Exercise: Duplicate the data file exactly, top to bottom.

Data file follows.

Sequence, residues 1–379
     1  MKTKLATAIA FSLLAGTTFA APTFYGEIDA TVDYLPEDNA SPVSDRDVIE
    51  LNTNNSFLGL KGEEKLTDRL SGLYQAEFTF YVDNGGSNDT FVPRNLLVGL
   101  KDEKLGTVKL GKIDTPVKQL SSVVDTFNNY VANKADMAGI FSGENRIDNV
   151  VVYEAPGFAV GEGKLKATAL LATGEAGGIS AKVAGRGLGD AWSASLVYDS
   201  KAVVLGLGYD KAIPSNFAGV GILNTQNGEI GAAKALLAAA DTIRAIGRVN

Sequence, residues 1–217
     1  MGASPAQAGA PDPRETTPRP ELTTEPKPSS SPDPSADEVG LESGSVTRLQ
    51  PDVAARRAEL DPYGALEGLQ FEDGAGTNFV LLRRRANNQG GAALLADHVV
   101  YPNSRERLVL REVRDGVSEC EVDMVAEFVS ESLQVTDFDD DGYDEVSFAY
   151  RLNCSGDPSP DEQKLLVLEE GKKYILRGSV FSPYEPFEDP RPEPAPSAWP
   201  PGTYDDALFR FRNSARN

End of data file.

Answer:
Sequence, residues 1–379
     1  MKTKLATAIA FSLLAGTTFA APTFYGEIDA TVDYLPEDNA SPVSDRDVIE
    51  LNTNNSFLGL KGEEKLTDRL SGLYQAEFTF YVDNGGSNDT FVPRNLLVGL
   101  KDEKLGTVKL GKIDTPVKQL SSVVDTFNNY VANKADMAGI FSGENRIDNV
   151  VVYEAPGFAV GEGKLKATAL LATGEAGGIS AKVAGRGLGD AWSASLVYDS
   201  KAVVLGLGYD KAIPSNFAGV GILNTQNGEI GAAKALLAAA DTIRAIGRVN

Sequence, residues 1–217
     1  MGASPAQAGA PDPRETTPRP ELTTEPKPSS SPDPSADEVG LESGSVTRLQ
    51  PDVAARRAEL DPYGALEGLQ FEDGAGTNFV LLRRRANNQG GAALLADHVV
   101  YPNSRERLVL REVRDGVSEC EVDMVAEFVS ESLQVTDFDD DGYDEVSFAY
   151  RLNCSGDPSP DEQKLLVLEE GKKYILRGSV FSPYEPFEDP RPEPAPSAWP
   201  PGTYDDALFR FRNSARN